Gail Simms called on her friends in the fashion industry for help. Most were already booked because of the Oscars, but a few agreed to donate their expertise to the group. Hollywood makeup artist Giani Thomas will be at Turner’s house this afternoon doing hair and makeup for the cast members, she said. The black evening dresses and tuxedo rentals were also gifts from friends.

On Saturday, she took Turner and Norma Perez shopping for shoes.

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“They’re all going to be extremely elegant--absolutely elegant and wonderful,” Gail Simms said. “And that’s what they wanted. That’s how they saw themselves.”

Their choice of Oscar attire surprised Simms. “I thought they would want to be extremely off the wall,” she said. “They were very much concerned with being as simple and wonderful-looking as possible. They didn’t want any clutter.”

Phil Simms and Kingston DuCoeur, president and musical director of Colors United, will be at the awards ceremony as well.

The way Phil Simms sees it, the evening is an opportunity not for the cast members to see the stars, but for the stars--and the rest of America--to see them.

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“We always tell them, ‘Don’t go get their autograph; let them get yours,’ ” he said. It is yet another way he reinforces the idea that they can look anyone in the eye, and be on equal footing.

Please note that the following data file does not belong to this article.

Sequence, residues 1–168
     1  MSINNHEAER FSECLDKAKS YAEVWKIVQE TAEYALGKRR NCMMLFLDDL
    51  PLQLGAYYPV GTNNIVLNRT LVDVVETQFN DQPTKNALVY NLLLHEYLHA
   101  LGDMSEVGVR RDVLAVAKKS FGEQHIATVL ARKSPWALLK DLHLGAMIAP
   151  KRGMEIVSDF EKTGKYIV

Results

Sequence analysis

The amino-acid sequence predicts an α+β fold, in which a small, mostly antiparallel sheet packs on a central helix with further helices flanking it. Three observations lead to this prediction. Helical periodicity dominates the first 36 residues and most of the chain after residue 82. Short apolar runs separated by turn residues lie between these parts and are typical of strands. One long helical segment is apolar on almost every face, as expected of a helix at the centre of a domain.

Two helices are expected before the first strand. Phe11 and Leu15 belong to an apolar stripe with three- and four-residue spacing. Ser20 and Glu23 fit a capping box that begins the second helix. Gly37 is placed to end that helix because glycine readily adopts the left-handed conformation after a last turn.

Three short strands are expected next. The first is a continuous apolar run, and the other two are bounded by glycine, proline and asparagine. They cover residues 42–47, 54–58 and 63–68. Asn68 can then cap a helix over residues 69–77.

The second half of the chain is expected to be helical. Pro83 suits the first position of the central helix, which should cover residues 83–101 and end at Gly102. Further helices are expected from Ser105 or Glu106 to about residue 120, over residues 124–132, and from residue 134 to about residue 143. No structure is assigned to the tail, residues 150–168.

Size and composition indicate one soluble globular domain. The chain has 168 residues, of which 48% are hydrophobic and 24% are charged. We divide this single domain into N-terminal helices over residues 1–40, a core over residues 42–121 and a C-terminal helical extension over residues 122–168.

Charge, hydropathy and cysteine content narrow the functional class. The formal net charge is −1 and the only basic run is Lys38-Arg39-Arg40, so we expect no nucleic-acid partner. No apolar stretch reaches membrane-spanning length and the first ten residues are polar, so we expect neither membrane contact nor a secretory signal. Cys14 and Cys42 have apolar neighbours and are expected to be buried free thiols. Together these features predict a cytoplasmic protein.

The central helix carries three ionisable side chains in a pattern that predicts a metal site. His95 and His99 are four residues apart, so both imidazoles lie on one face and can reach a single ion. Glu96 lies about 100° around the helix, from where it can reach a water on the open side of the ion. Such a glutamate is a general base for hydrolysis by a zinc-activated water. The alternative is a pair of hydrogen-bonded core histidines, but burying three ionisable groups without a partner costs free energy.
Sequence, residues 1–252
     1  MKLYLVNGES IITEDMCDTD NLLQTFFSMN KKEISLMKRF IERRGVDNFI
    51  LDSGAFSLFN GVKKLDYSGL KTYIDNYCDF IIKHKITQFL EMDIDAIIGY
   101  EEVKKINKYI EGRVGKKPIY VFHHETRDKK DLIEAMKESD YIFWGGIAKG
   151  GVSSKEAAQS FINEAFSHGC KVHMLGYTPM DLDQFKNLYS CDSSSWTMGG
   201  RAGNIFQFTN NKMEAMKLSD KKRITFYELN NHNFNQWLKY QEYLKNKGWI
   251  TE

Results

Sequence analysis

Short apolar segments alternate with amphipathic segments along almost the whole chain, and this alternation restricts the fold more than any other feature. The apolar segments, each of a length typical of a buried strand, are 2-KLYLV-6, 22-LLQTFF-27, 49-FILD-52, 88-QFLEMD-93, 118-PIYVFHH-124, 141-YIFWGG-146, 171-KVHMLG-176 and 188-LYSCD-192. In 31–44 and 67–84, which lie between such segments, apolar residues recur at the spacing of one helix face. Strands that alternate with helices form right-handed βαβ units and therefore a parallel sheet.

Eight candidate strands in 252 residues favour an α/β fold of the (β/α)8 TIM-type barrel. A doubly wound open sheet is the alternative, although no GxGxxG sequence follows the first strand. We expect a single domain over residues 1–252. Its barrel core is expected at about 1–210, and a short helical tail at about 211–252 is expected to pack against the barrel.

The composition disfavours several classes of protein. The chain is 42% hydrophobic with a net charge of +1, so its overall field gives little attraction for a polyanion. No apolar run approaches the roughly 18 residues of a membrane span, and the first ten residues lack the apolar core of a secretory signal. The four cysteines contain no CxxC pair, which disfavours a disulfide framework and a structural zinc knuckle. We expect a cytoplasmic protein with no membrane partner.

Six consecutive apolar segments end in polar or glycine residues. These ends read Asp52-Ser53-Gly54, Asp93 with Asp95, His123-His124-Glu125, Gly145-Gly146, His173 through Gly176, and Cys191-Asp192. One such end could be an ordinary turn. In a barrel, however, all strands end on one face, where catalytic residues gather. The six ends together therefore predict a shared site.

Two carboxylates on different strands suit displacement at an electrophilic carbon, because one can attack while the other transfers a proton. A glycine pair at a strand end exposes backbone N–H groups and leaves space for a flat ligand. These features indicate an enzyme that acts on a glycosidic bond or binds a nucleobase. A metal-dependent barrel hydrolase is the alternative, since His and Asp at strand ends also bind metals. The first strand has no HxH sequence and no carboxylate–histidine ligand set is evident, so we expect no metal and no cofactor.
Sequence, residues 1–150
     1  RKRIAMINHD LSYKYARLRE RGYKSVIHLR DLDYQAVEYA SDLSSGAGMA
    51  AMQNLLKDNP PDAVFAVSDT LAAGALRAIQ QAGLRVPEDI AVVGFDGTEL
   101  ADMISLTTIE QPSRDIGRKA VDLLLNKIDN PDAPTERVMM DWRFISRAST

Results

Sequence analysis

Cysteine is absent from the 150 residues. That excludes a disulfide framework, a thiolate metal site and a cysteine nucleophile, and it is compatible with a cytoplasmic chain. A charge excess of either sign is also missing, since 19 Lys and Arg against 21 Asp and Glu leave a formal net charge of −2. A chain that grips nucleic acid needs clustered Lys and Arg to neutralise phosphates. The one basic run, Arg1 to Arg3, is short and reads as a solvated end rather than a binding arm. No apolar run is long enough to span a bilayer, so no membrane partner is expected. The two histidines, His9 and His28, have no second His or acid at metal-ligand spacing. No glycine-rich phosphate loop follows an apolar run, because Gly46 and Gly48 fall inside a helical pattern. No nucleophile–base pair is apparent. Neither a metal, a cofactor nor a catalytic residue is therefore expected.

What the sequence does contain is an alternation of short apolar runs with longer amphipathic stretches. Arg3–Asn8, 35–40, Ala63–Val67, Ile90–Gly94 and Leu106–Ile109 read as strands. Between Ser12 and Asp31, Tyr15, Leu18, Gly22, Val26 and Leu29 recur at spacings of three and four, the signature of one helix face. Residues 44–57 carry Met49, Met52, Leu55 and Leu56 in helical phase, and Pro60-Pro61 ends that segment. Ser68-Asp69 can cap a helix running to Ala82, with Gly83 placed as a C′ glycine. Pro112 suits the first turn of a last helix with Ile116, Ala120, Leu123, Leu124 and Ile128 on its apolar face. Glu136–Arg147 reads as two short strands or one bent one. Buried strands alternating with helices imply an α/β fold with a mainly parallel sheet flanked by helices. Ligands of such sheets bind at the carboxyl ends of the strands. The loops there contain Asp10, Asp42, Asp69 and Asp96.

“Like last night, little Michael Ford said, ‘I got a Michael Jordan tux.’ I said, ‘No, you got a Michael Ford tux.’ He straightened up and said, ‘That’s right.’ ”

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This is Simms. The Brooklyn-born instructor dispenses wisdom and hugs freely and frequently. Simms appears in the documentary doing just that. “We all love Phil to death,” Turner said. “None of this would be happening if it wasn’t for Phil.”

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The group, which now operates on several other campuses and a skills center, boasts a 100% graduation rate for its members and a 0% return to gang involvement or delinquency, Simms said. Through the arts, the group motivates young people to overcome challenges in their lives.

With productions like “Watts Side Story” and “The Life and Times of Ernest Hemingway,” they have entertained at President Clinton’s first inauguration and have traveled to Denmark, Egypt and South Korea. Recently, the group was invited to a conference on global violence in Geneva, Switzerland.

“We’re allowing them to replace and dislodge the negative things that might have happened to them in their lives,” he said. “We really help them process dream fulfillment.”

While cast members, who also include LaToya “Lovely” Howlett, Stanley Elam and Theo Heard, are at the Academy Awards, other members of Colors United will be watching the ceremonies from Lucy’s El Adobe restaurant on Melrose Boulevard.

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The Oscar excitement and attention might help accomplish what Michael sees as the value of the documentary.

“I wanted everyone to learn that Watts is not all bad,” he said. “We do have a lot of good things here, and just because a person comes from an area like this doesn’t mean they’re always bad.”